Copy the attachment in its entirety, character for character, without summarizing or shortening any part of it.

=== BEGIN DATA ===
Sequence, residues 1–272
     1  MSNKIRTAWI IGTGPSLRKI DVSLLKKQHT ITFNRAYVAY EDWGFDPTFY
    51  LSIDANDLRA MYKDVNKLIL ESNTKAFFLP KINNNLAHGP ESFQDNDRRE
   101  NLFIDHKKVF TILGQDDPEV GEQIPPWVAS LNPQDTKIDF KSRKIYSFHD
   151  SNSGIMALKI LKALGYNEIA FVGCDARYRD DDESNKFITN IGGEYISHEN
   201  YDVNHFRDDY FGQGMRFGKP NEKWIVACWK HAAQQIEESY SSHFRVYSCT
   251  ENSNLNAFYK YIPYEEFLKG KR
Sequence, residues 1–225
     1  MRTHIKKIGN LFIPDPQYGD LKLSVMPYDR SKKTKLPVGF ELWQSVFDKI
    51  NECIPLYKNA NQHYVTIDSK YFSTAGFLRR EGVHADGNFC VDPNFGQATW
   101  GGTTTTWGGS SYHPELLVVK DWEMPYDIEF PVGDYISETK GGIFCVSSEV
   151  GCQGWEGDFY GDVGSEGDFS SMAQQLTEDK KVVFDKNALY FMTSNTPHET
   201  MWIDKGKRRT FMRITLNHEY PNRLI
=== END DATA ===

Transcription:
Sequence, residues 1–272
     1  MSNKIRTAWI IGTGPSLRKI DVSLLKKQHT ITFNRAYVAY EDWGFDPTFY
    51  LSIDANDLRA MYKDVNKLIL ESNTKAFFLP KINNNLAHGP ESFQDNDRRE
   101  NLFIDHKKVF TILGQDDPEV GEQIPPWVAS LNPQDTKIDF KSRKIYSFHD
   151  SNSGIMALKI LKALGYNEIA FVGCDARYRD DDESNKFITN IGGEYISHEN
   201  YDVNHFRDDY FGQGMRFGKP NEKWIVACWK HAAQQIEESY SSHFRVYSCT
   251  ENSNLNAFYK YIPYEEFLKG KR
Sequence, residues 1–225
     1  MRTHIKKIGN LFIPDPQYGD LKLSVMPYDR SKKTKLPVGF ELWQSVFDKI
    51  NECIPLYKNA NQHYVTIDSK YFSTAGFLRR EGVHADGNFC VDPNFGQATW
   101  GGTTTTWGGS SYHPELLVVK DWEMPYDIEF PVGDYISETK GGIFCVSSEV
   151  GCQGWEGDFY GDVGSEGDFS SMAQQLTEDK KVVFDKNALY FMTSNTPHET
   201  MWIDKGKRRT FMRITLNHEY PNRLI